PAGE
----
Can the couple bring it off once again? If they can't, it won't be the first time a show failed when main characters tried to spin off into separate series, losing much of the magic that made the act compelling. From the start, the thing that made The Clintons work was the unlikely union of opposites, held together in an attraction-revulsion dynamic, with the whole adding up to more than the sum of its parts. As a sum, they are, and remain, an incredible story. As parts, however, they are merely stock players: an aging roué, who is almost too facile, and a grimly ambitious feminist lawyer, with a tough but conventional mind. In 1992, they seemed fresh and exciting; now they are part of the system and the problem; they were young; now they're not far from the age that the elder George Bush was when they ran against him. And if her job was tough, Bill's is still tougher: It is easier to discipline a huge and unruly political talent than to try to breathe talent into a humorless disciplinarian....Ending 1 is way too boring. Ending 2 makes the best TV show -- for my taste, at least. But I'm not watching it on TV, I'm watching it in the news and trying to blog, and from that perspective, I've got to say that Ending 3 looks juicier than Emery makes it sound. Nevertheless, I'm not hoping for the news that makes the best raw material for blogging. That would be evil.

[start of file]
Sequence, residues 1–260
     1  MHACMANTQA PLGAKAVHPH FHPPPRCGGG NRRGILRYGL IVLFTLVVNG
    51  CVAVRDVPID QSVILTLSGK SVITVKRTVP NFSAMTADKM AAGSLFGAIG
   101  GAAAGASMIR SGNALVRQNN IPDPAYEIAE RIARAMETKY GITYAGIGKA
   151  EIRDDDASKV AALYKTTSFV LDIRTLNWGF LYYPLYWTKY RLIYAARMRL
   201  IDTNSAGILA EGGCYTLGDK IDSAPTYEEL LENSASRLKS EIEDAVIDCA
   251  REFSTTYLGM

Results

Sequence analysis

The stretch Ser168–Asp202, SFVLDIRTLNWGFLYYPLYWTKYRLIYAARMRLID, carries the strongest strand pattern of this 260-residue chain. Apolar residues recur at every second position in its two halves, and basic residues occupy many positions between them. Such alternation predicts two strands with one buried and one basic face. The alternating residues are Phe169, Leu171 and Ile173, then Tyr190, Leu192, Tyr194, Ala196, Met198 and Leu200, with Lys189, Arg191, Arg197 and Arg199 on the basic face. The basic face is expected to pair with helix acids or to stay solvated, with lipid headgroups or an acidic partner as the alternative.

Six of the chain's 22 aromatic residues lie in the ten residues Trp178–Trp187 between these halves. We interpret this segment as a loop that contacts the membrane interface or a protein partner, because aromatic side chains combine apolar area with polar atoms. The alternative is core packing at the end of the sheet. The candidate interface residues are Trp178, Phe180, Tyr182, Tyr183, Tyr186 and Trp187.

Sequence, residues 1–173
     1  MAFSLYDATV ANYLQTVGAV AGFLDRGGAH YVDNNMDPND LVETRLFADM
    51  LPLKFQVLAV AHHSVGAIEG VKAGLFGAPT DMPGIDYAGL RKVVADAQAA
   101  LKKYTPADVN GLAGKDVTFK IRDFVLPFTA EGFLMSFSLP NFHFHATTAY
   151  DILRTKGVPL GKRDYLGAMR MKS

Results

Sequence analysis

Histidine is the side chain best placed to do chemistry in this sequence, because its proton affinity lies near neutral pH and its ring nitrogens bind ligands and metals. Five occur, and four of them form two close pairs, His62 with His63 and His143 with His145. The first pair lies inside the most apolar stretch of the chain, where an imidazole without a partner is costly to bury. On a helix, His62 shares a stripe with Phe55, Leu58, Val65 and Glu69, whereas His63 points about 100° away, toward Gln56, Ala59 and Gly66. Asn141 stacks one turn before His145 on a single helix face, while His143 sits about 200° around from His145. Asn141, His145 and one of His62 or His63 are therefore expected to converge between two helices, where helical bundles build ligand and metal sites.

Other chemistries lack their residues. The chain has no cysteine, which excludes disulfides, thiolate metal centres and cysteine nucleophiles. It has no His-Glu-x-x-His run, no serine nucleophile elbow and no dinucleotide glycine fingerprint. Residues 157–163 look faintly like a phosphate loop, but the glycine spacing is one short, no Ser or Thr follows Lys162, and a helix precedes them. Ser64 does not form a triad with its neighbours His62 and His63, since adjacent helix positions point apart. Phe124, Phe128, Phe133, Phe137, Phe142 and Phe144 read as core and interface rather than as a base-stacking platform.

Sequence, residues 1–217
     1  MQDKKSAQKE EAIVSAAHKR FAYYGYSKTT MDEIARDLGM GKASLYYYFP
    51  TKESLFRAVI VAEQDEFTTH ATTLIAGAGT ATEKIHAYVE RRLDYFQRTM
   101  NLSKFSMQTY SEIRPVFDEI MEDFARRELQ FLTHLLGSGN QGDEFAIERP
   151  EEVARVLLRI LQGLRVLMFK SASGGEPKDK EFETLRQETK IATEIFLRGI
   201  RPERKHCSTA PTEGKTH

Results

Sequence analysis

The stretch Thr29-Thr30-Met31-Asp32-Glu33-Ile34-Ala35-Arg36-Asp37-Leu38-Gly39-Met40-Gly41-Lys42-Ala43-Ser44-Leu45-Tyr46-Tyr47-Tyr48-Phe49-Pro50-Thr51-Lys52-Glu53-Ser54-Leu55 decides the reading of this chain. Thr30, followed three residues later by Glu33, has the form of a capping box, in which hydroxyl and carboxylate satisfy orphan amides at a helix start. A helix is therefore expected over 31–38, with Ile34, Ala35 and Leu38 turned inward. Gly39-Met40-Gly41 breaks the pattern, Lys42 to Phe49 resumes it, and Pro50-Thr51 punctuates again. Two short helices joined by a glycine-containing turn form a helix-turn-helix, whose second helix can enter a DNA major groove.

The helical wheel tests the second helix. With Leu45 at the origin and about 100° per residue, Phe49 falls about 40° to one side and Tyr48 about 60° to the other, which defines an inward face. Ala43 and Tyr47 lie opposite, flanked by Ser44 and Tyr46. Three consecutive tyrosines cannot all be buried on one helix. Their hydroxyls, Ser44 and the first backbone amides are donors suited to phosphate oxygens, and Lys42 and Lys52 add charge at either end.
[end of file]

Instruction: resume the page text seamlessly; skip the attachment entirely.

Whether this pol will achieve her lifelong ambition is a whole other story, and one that is yet to be seen. Writers are working on three different endings: In the first, she loses and goes back to the Senate, where she makes peace with her limits and destiny; in the second, she loses, makes Bill's life hell, and rages on at him and the world for the rest of eternity; in the third, she wins, Bill pulls her over the finish line, and they go back to the White House for four or eight years of the same old dynamic, but this time with her owing him. However it ends, it will be quite a story. It will be must-see TV.
May 28, 2007
"An aging roué, who is almost too facile, and a grimly ambitious feminist lawyer, with a tough but conventional mind."
Noemie Emery -- in The Weekly Standard -- tells the story of Bill and Hillary as a long-running TV soap opera. What do the script writers have in store for us next season?